The “ Un-action” of Del Pilar Sallum
At first sight, the repetitive gestures of winding and unwinding seem simple. They bring to mind children’s games that involve tying up and releasing fingers and hands to deal with the prison/freedom opposition. They also allude to knitting, using skeins of yarn and thread, an activity that lends an aura of feminine domesticity.
They may hark back to an association with the image of tied fingers to represent the memory of some future act that cannot be forgotten. Or the may recall dressing applied to a wounded body in act of care or redemption.However, engulfed by the exhaustive and circular repetition of the acts of winding and unwinding, that expand and retract, thicken or dissolve in the lack of resolution, the gesture become metaphors of perversion. In the simultaneousness of two actions parallel in time opposite in direction and meaning, they produce a nihilist synthesis. The gestures annul one another, perverting the prospect of a cumulative construction. They evoke voids.
The hands that twist and untwist themselves in the metallic threads are metonyms of a body that operates in opposition to capitalist production. They signal transgression of the ideology of the assembly line. They do and undo simultaneously and in identical proportions.As philosopher Jean Baudrillard puts it, in post-modern culture, the act of construction generates the respective destruction of its meaning. He argues that the dissolution of notion of time and public space is inherent to contemporaneity. The object then no longer mirror the subject; causality is lost.The visually of “scene” is replaced by “ob-scene” data (1). What one sees is not the hand that winds or unwinds the metallic threads, but the engines that drive this destructive operation.
The work gives place not only to the text, but to the sub-text, the invisible text that lies “between-the-lines” and outlines itself in the semi-hypnotic effect produced by the eye fixed on the action-contraction binomial. The video-performance is a prolongation of the body-more specifically, of the hands – consistently chosen by the artist as a vehicle for the construction of an intimist and self-conscious work, fragilized and fragilizing.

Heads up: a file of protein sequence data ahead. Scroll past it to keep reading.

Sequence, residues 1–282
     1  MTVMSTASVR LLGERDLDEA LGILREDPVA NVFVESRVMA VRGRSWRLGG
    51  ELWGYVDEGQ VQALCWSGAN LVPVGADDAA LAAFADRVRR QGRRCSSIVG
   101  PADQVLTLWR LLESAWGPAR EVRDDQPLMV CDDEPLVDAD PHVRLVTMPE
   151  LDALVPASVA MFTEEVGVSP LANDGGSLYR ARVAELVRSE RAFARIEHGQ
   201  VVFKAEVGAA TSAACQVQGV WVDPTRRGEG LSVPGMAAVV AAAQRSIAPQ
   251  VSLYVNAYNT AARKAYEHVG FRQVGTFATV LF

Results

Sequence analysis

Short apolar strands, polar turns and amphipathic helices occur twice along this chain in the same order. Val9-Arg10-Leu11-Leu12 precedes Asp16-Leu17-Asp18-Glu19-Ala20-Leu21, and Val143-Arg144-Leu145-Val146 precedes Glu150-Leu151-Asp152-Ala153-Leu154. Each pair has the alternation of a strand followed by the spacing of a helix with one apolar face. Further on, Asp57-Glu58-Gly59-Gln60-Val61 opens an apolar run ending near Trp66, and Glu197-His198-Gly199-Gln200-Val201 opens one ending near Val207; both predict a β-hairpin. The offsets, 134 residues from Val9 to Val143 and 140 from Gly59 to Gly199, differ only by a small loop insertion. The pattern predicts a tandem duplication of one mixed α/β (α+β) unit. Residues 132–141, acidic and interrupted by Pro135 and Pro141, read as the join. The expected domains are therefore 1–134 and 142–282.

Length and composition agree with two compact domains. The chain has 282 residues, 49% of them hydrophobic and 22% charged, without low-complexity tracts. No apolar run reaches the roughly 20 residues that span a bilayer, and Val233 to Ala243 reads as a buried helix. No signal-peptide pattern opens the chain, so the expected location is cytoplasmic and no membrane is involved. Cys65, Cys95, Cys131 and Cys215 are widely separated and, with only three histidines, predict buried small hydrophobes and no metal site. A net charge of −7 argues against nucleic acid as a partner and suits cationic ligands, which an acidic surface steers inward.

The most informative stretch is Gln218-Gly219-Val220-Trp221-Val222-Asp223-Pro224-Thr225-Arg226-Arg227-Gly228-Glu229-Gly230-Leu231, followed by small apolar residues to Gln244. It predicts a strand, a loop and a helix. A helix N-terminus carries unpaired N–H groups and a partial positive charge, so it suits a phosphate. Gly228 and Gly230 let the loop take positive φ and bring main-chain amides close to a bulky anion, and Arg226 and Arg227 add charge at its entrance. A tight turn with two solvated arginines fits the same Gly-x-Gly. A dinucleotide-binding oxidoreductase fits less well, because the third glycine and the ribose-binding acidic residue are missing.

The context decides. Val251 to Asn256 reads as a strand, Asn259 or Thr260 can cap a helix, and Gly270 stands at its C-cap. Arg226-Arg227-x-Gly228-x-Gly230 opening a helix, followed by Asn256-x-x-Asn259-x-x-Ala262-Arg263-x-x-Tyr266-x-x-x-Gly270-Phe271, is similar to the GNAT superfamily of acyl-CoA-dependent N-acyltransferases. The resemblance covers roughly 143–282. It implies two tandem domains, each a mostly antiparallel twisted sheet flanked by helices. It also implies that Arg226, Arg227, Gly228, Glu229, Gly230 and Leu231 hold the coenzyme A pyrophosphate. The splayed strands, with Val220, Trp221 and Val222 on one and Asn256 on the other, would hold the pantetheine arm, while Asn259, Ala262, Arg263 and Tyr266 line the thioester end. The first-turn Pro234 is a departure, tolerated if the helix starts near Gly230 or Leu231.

In “Ataduras”, a previous series of works, Sallum molded metallic threads thickly and obsessively around fingers and hands. They were thus transformed into molds, frames, supports. The threads, molded, wound up and hollow, became sculptures of the void, the solitude, remembrance of the physicality that produced them. Emptied of the metallic conglomerate, the artist body disintegrates, becomes a thing of the past. The sculptures produces then become receptacles of memories, cocoons void of life. In video, the experience of the material construction of the bandage-sculptures achieved by the physical absence is radicalized. Here, the process that takes place in time leads nowhere. The temporary nature of the winding/unwinding is imprisoned, like a tune on a scratched vinyl record.
Repetition of the zig-zagging action establishes a relationship in which all vestiges of causality are eradicated. A schizophrenic relationship emerges from the scene’s translucidity: by means of repetition, we become intimate with, an accomplices to this autistic winding/unwinding. By means of our gazes-disenchanted with the linear narratives proposed by production systems- We establish a promiscuous identification with that compulsive body so totally devoid of any possibility to escape from it meaningless and interminable course.
(1) Jean Baudrillard in “ The Ecstasy of Communication” pg 126 to 134. The Anti-Aesthetic Essays on Postmodern Culture, ed. Hal Foster. (Seattle: Bay Press, 1983).